This blog post is about creating custom shapefiles to support your own visualizations. A shapefile is a vector graphic used for visualisation of spatial data (like maps) by numerous BI frontends or reporting tools. The blogpost was inspired by a presentation on “free visualisation with the CSP C8 Frontends” given by Matthias Jüstel and Ivo Pawlow at the Cubeware Infotag 2015 in Rosenheim. The presenters repeated their presentation in a webcast on 25.02.2016 which can be viewed on the Cubeware website. I took their basic idea and did it myself with a different scenario: Jüstel and Pawlow showed a visualization of an urban development plan (“Bebauungsplan” in German), I decided to do the same thing with a floor plan visualising room temperatures (could be a nice add-on for some home automation gurus 😉 ).
To create shapefiles we’ll use the free software QGis. Download it from the website and install it on your computer. I used version 2.14.3 (Essen) for this example.
To create a custom shapefile it is helpful to have an image first. My example is based on a sample floorplan from Wikipedia. Download this image in full resolution.
Then open up QGis Desktop and create a new project (Ctrl+N or Menu Project->New).
Next, add a raster layer (Menu Layer -> Add Layer -> Add raster layer). A dialogue “Open a GDAL Supported Raster Data Source” will show where you select the image of the floorplan you previously downloaded from Wikipedia. This will be the image we create the shapes on.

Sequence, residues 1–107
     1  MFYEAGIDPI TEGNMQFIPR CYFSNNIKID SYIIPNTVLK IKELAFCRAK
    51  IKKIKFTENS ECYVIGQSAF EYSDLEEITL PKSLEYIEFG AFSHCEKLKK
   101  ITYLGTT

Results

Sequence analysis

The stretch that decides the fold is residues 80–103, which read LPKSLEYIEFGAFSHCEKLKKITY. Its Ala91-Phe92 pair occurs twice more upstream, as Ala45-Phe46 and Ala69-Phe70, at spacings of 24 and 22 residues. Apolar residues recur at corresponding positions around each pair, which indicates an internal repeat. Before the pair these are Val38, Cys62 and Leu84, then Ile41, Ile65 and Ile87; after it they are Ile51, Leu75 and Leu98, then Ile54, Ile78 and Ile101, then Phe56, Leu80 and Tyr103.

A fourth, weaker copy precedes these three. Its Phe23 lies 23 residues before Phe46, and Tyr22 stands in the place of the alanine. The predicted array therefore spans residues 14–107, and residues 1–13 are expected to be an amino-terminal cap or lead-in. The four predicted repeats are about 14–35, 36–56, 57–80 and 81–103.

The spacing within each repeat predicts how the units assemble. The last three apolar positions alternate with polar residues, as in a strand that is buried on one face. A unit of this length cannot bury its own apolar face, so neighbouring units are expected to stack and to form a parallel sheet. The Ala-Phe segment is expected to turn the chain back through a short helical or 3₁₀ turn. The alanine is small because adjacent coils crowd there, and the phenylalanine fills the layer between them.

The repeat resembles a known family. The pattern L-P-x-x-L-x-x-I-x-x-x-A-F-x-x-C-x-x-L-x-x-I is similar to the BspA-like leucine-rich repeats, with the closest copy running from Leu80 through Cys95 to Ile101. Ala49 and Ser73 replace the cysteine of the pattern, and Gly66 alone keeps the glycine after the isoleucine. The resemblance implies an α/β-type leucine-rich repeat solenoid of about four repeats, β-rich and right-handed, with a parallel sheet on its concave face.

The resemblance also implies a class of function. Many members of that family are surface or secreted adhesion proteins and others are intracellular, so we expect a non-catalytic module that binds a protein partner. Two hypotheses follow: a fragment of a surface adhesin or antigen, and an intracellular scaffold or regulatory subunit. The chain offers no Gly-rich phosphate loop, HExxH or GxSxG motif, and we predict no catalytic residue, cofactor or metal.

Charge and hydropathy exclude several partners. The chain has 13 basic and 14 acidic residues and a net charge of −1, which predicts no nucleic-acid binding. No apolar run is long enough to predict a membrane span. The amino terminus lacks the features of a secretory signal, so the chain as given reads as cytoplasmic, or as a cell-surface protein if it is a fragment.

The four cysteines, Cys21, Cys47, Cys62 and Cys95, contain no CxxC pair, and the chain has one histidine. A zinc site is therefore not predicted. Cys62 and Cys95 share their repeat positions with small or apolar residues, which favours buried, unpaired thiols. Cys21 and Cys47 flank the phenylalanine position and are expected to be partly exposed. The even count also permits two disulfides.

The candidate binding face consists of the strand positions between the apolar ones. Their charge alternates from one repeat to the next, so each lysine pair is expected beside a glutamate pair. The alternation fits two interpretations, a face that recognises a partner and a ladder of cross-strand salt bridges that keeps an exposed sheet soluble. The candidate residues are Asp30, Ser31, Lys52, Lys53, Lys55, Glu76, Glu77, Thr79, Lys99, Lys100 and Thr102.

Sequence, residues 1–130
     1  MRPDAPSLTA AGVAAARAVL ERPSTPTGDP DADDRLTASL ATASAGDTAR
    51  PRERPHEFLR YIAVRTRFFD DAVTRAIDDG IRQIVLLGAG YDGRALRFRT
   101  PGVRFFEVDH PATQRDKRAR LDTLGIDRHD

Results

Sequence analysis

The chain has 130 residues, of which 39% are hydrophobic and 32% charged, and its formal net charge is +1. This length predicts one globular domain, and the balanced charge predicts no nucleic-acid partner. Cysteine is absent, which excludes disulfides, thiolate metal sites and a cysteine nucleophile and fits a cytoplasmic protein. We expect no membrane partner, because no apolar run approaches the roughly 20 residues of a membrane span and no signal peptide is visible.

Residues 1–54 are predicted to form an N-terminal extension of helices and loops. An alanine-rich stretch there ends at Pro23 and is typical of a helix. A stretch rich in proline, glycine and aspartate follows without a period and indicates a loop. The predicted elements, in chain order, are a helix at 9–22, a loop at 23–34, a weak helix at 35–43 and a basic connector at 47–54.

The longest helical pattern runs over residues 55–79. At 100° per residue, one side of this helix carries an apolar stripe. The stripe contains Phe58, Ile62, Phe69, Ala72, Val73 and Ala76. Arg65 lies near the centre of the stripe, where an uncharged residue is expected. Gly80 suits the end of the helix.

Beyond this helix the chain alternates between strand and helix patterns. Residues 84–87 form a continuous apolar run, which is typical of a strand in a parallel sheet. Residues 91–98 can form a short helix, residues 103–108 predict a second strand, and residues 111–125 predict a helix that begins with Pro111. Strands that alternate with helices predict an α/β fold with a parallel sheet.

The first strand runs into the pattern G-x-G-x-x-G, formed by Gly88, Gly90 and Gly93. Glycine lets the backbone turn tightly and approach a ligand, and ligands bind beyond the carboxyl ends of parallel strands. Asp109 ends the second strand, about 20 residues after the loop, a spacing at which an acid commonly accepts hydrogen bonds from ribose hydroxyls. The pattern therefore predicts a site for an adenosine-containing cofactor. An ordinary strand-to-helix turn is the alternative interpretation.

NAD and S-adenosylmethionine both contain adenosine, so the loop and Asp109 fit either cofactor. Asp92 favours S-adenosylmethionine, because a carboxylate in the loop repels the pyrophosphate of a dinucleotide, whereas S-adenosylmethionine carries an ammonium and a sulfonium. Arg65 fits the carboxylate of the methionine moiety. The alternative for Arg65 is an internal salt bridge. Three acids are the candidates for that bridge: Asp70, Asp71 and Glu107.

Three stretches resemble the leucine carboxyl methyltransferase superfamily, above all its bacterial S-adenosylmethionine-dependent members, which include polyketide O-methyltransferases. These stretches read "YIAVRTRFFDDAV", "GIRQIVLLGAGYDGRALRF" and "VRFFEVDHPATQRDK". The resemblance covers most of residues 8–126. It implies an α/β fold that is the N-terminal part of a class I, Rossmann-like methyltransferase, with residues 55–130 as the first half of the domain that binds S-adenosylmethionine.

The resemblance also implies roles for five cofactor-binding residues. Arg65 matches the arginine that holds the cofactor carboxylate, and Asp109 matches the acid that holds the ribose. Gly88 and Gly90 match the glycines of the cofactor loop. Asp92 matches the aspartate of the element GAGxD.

The following dialogue might appear as cryptic as the first one to GIS and Shapefile newbies. It’s title is “Coordinate Reference System Selector”. As far as I understand it (and I’m way from being a GIS expert) there are different ways to describe coordinates on a Shapefile. Just leave the default “WGS 84” and confirm with OK. You have to make the same configuration on the Shapefile as you import it into your reporting tool (e.g. Cubeware Cockpit). Please note that not all reporting tools might support all of the different coordinate reference systems-
Well, the first hurdle is now taken and you should see a layer called “Sample_Floorplan” with the floorplan image in QGis now:
Next we to add a Shape layer. This will be the layer the shapes are drawn on. It is added via the Menu Layer -> Create Layer -> New Shapefile Layer. The type will be polygons. In addition to the compulsory ID column the shapefile will contain attributes for room name and room size as well.
Next we specify the location our shapefile will be saved.
Now we are ready to start drawing the shapes. First, change into editing mode by clicking on the pencil symbol or via menu Layer->Toggle Editing.
Now you can start drawing shapes by clicking on the edges. The shape is then filled by a light red. You don’t have to be ultra-precise at this stage as you can make adjustments to shape size later. If you are finished with one shape click right once and provide values for the attributes in the following window:
Afterwards the shape creation is shown by a filled shape (with the colour of your layer):
Now zoom in into the shape you’ve created. Perhaps the points are not as precise as they could be. This can easily be corrected using the Node Tool in editing mode (Menu Edit -> Node Tool or see screenshot). Now you can click on the edges and reposition them appropriately.
Meanwhile, don’t forget to save your whole project.
Now repeat these steps for every room (if you are eager to practise) or skip this tedious task using the shapefile I have provided at the end of the blog. The attributes have to be set as follows:
With more complex shapes like the Entrance simply keep on adding each edge one after another.
At the end your project should look like this:
Your shape file is now ready for use.
For your reference or convenience you can find my QGis Project Files here:
Stay tuned for the next two blog posts describing test data creation in SQL Server and report creation in Cubeware Cockpit.